Browse By

A night out and other reasons why you lose your voice

The voice is one of the greater communication tools of people, it even influences the image that others have of others. It is, in short, a letter of introduction. But how many times after trying to talk to friends in a party room with loud music have we woken up the next day hoarse? Or how many times has the reason been a cold? Or even, on how many occasions has the reason been stress or nerves that have left us without a voice?

April 16 marks World Voice Daya precious asset that is usually not offered all the care it needs and that, sometimes, its partial or total loss can be indicative of a more serious health problem.

First of all, we must distinguish between a dysphonia and one aphonia. Both are related to inflammation or infection of the vocal cords. But while dysphonia is what is colloquially known as hoarsenessaphonia is loss of voice. Be that as it may, otorhinolaryngologists recommend going to the consultation if this voice alteration, as well as throat clearing, a persistent cough or the need to strain your voice without having a cold, lasts more than fifteen days, even seven in the case of people who smoke or who, due to their work, put excessive strain on their vocal cords.

The most common conditions

The most common voice problems are caused by upper respiratory tract infections, pharyngolaryngitis or laryngitis, even gastroesophageal pathologies such as reflux. Then there are the directly related to the misuse of the voicesuch as speaking too loudly or inappropriately, and the overuse of voice It is mainly suffered by those people who, due to their work, are constantly talking, such as teachers, coaches, actors, singers, radio hosts or lecturers, to name a few examples. And, as Dr. Juan Carlos Casado, member of the Voice and Phoniatrics Commission of the Spanish Society of Otorhinolaryngology and Head and Neck Surgery (SEORL-CCC), points out, “the larynx is not prepared to speak for more than 50 minutes straight.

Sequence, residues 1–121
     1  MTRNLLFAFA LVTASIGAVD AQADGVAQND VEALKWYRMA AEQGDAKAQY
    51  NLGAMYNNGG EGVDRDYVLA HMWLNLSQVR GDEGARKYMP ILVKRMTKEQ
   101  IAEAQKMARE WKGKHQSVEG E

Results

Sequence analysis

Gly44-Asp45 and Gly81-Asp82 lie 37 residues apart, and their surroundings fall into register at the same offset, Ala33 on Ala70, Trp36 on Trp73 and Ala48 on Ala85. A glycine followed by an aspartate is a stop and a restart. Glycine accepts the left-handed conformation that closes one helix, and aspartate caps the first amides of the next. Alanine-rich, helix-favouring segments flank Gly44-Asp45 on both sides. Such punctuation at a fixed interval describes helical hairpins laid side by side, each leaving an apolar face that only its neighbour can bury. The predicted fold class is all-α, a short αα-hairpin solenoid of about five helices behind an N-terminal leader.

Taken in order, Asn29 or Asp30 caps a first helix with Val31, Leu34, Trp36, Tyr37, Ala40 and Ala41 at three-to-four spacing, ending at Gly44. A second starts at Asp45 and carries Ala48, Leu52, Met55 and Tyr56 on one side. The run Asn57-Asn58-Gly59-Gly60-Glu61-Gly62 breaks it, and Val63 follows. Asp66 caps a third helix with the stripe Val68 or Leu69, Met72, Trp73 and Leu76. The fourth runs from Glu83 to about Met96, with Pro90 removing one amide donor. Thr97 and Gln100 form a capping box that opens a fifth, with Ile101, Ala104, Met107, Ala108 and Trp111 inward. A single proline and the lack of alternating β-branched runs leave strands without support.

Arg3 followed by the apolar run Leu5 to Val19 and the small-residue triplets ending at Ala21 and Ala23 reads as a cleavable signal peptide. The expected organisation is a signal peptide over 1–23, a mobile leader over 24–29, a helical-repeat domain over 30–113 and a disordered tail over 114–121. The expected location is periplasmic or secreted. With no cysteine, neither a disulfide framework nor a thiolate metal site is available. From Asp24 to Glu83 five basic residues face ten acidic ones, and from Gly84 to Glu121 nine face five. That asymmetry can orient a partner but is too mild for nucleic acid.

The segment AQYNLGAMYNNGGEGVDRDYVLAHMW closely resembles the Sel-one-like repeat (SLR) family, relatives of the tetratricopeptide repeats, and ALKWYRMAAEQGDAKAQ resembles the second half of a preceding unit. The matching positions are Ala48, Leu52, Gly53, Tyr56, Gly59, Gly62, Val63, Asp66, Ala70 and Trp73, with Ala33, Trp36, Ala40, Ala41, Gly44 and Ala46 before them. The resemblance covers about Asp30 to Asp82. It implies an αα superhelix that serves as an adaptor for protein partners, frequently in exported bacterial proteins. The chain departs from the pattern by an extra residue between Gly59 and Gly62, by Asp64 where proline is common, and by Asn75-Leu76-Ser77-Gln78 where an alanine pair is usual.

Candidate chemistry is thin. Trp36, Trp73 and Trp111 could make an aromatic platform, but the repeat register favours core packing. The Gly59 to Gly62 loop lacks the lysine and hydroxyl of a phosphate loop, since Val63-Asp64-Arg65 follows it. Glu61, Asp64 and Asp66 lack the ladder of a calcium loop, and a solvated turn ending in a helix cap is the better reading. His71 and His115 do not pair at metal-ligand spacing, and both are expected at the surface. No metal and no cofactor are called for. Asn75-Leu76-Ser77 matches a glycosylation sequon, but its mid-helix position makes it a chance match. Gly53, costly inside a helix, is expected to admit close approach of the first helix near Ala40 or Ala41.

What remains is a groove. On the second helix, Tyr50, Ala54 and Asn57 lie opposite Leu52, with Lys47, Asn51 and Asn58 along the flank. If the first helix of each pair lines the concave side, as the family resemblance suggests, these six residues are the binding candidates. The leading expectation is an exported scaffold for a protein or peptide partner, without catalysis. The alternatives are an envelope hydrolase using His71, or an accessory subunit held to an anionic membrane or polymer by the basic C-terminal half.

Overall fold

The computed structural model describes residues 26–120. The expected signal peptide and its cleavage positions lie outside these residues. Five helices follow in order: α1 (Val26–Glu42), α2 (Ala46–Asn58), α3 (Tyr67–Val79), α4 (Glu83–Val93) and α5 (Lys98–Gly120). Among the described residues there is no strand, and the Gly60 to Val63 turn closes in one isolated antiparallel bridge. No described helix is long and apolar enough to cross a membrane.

Among the most common causes that can cause alterations in the larynx and consequent dysphonia or hoarseness are polyps and the nodules. The Spanish Society of Otorhinolaryngology defines the first as “benign pseudotumors, similar to blisters, that appear after an inflammatory process.” In these cases, surgery is usually performed under general anesthesia, although speech therapy is performed first and after the intervention the patient has to go at least four days without speaking.

For their part, the nodules They are benign (non-cancerous) growths, usually on both vocal cords, very similar to a callus, that grow symmetrically. They occur due to a vocal abuse or misuse. Although it is usually more common in adults (especially in women due to the size of the cords, which are shorter than those of men), they can also appear in children. In fact, the Spanish Society of Otorhinolaryngology estimates that between 37% and 78% of childhood dysphonia is due to vocal nodules. As for its treatment, in the case of children it is treated with vocal re-education and learning good vocal technique, and in adults it begins with a vocal rest of between 10 and 15 days, sometimes accompanied by speech therapy rehabilitation and, If there is no improvement, phonosurgery is used.

The acute laryngitisthat is, the cold or catarrh Produced by a virus, it can inflame, irritate and redden the vocal cords and lead to dysphonia that usually disappears in about 7 or 10 days.

Laryngitis can be noninfectious, caused by some allergy or even due to insect bites, food ingestion or some medication, among other triggers. Symptoms can range from a mild tingling to a throat clearing and, in the most extreme case, to severe respiratory obstruction that requires urgent treatment.

He gastroesophageal reflux (return of gastric contents into the esophagus, which can compromise the lungs, larynx, pharynx and nasal cavity) can also be behind dysphonia, especially laryngopharyngeal reflux, which occurs in an upright position and mainly during the day, according to what they point out. since the association of gastroesophageal reflux. Refluxes can cause irritation and inflammation of the vocal cords, mucosal thickening, even edema in the back of the larynx. People who suffer from it can improve their condition by going not only to the gastroenterologist but also to the otorhinolaryngologist.